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Composting: nature’s way of recycling

Eurobodalla Council is highlighting the usefulness of residents’ kitchen scraps this International Compost Awareness Week.

Eurobodalla Council’s sustainability education officer Gillian Kearney said Compost Awareness Week was the perfect time to start or revive home composting.

“Compost improves the nutrient value of soil, saves water and gets superbugs working for you as they munch through your waste products, providing lush and healthy vegetables and herbs,” she said.

“If all residents stopped putting organics into their red-lidded bins, the amount of material heading to landfill could be reduced by up to 50 per cent.

“It makes residents’ bins lighter, less smelly and even more importantly, reduces greenhouse gas emissions. Decomposing organic material in anaerobic (no oxygen) conditions like a landfill release harmful methane into the atmosphere.”

There are different methods to reuse scraps that suit each household – from Japanese-style bokashi fermenting methods to worm farming and chooks.

“Chooks are a great option to take care of your food scraps and in return they provide nitrogen-rich fertiliser with their droppings, in addition to helping to keep insects at bay,” she said.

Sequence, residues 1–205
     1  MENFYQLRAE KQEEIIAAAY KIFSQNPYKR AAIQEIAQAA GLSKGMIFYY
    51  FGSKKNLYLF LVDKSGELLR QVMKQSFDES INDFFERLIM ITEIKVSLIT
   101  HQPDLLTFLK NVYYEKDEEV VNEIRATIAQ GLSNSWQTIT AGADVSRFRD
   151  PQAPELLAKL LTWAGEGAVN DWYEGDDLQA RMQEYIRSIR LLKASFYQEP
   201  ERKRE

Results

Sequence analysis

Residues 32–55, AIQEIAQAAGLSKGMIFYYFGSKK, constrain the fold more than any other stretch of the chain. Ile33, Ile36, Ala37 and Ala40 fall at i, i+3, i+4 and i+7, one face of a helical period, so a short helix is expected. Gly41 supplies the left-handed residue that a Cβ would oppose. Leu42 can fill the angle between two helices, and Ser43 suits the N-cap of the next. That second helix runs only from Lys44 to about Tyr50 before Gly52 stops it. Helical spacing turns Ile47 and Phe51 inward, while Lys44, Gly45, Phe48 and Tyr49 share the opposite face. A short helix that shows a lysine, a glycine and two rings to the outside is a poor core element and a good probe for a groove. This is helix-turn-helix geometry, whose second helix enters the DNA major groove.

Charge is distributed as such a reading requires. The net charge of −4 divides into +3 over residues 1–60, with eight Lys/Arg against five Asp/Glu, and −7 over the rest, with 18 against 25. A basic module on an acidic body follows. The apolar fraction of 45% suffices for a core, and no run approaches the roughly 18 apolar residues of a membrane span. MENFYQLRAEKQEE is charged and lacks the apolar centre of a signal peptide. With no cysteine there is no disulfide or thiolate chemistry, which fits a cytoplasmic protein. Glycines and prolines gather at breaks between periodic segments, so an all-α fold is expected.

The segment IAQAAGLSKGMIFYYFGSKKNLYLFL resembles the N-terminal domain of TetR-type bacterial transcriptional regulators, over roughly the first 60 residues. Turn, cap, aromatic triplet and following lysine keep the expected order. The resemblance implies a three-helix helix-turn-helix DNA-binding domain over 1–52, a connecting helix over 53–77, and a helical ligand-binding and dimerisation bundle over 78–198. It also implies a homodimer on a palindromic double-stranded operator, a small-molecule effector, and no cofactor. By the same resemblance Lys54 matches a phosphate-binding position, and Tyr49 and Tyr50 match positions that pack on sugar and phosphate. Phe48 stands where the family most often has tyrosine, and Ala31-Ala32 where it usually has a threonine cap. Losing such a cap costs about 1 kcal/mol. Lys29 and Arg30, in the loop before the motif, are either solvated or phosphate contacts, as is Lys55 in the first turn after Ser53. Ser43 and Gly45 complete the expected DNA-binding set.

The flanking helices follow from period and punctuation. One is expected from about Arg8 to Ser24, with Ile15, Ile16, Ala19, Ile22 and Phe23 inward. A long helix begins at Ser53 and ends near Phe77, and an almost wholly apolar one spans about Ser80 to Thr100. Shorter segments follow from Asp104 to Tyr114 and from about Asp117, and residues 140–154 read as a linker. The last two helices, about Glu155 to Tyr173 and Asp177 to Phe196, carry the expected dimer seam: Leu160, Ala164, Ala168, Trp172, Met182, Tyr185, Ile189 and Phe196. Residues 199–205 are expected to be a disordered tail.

The council runs free home composting and worm farming workshops for Eurobodalla residents at Moruya Waste Transfer Station in March and November. Participants receive a free starter kit to get them composting or worm farming right away.

Council also conducts free workshops at local schools and preschools, with many setting up their own compost and organic reuse systems that support their herb and veggie gardens.

To find out more about Council’s home composting and worm farming programs visit

Above: Batemans Bay Public School student Lucas Pangalos helps compost the canteen scraps, which feed the school’s canteen veggie garden.

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